Out of the Frying Pan Into the Fire

Parents use a new technique to curb their child's bad behavior.

Sonia Billadeau April 15, 2014
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fiddler_on_the_roof_fiddlerOr out of the bedroom into the bathroom. When we saw our therapist on Wednesday, she said my daughter was too comfortable in her bedroom avoiding us. So- she directed us to have her move to the bathroom. Surprise, surprise, my daughter was suddenly extremely motivated to follow our rules. For the first time in a month, she earned privileges like going with the family to see Fiddler on the Roof. Success was so sweet! And so brief! She woke up the morning after Fiddler on the Roof just as yucky as she could be.

Part two of Operation Bathroom is that when she is yucky, I’m to read that as her saying, “Mom, I really want you to tickle me” or “Mom, I’m really asking for a hug.” So every time she’s yucky and disrespectful, lies, or breaks rules, I’m supposed to give her physical contact. The therapist said if Kaylyn won’t come to me, I’m to come to Kaylyn.

I tried to give Kaylyn a chance to earn sleeping in her own bed every night, which she did until the day after Fiddler on the Roof. She just refused to be respectful, responsible, or fun to be with that day. And I get why. She had a little taste the day before of letting herself have parents, be part of a family, and enjoy the fun. Then the next day, she freaked out and took it all back. It was so hard for me to let her sleep in there, but I made myself do it.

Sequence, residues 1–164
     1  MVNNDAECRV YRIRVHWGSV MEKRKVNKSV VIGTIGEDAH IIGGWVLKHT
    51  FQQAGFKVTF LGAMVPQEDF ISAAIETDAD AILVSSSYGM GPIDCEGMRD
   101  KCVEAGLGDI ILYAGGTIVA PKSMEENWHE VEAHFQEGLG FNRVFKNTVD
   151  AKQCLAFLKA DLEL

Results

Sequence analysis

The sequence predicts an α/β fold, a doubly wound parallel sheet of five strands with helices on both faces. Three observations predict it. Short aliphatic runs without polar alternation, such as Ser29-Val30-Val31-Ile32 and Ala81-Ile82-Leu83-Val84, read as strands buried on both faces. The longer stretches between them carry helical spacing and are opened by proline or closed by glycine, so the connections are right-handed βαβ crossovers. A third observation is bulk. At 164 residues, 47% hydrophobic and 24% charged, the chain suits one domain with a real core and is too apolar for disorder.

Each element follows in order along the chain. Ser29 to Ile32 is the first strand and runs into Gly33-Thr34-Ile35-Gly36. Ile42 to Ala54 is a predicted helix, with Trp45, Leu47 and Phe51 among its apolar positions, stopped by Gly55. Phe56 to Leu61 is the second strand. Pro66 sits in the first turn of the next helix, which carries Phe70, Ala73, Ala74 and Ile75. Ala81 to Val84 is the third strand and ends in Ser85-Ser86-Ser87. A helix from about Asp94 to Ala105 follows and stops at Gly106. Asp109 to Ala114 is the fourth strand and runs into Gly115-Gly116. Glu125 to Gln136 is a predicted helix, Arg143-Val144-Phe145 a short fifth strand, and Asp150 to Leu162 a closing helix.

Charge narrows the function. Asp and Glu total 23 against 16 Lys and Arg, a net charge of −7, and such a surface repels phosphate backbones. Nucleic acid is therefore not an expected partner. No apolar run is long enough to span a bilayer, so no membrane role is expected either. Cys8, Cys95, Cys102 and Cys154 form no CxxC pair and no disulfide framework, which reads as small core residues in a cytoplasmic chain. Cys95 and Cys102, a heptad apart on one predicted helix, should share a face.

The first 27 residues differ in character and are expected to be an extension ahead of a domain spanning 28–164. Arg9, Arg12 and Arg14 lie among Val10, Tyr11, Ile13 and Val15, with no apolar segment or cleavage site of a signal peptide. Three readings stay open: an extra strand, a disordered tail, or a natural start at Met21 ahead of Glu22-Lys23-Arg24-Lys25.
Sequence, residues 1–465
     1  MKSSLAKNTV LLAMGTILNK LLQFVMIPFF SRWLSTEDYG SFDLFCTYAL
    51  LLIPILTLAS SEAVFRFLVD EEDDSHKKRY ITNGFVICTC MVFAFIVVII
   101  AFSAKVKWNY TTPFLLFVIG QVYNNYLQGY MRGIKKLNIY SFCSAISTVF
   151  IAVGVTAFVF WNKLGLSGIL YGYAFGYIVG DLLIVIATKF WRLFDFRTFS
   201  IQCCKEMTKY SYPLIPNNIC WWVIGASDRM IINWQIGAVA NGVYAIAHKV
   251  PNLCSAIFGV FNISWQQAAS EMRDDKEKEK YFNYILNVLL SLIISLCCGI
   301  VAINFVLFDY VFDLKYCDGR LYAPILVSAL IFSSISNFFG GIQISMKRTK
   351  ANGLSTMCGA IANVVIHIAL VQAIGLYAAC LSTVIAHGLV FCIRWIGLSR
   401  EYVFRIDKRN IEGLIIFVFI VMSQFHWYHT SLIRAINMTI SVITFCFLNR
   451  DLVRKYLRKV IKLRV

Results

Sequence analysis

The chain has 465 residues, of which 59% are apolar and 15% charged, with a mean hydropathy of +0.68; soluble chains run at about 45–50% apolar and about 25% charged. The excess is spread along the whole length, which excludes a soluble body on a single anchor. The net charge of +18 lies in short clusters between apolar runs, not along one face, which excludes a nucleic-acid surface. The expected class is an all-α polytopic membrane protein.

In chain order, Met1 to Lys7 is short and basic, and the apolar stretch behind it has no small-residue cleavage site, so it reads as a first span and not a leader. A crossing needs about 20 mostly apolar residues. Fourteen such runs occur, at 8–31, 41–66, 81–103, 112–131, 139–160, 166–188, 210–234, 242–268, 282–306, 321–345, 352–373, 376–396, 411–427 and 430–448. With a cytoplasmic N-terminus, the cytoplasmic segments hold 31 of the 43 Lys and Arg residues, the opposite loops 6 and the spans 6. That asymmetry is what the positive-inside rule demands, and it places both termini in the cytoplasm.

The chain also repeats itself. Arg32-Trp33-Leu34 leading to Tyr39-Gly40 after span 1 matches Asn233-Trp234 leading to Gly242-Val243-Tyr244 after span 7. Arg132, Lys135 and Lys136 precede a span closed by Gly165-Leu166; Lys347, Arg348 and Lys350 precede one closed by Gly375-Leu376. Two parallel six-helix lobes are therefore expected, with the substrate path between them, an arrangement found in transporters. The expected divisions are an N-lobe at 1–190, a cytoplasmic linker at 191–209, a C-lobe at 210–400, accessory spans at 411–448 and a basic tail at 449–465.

There was quite a lot of yucky behavior along about one in the morning. I found myself in there with her, hugging her while we stood cheek-to-cheek, rubbing her back and cooing, “Such yucky behavior, yes such yucky behavior.” While she screamed. For a long time. But the longer I stood there, the slower her breathing became and she finally calmed down. I really couldn’t believe that she actually stayed in the bathroom the rest of the night but she did. And oh what a peach she was the next day. Delightful. Earned all kinds of privileges and enjoyed lots of good time with the family. Then…the next day…yucky behavior and back in the bathroom.

So it’s up and down but at least there’s some up now. The two good days Kaylyn has had were wonderful and at least she took a couple of breaks from being stuck. Progress is not a straight line.

Meanwhile, my sixteen-year-old son is doing great! The horse therapy in particular stirred up a lot of feelings for him and he’s actually feeling them.He has been drowning in sadness and loneliness for many weeks, writing down memories of his birth parents and struggling to get through the tough feelings. Today when we rode horses, he asked for help when he needed it (unheard of!) and when he wrote his one-page essay afterward about how he felt, he said he felt happy!

Some of the other moms at horse therapy told me it takes about six months to get through all the pot-stirring before things truly calm down and get better. We’re about halfway there.

Photo credit: www.allgoodseats.com/fidder on the roof_fiddler

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Sonia Billadeau

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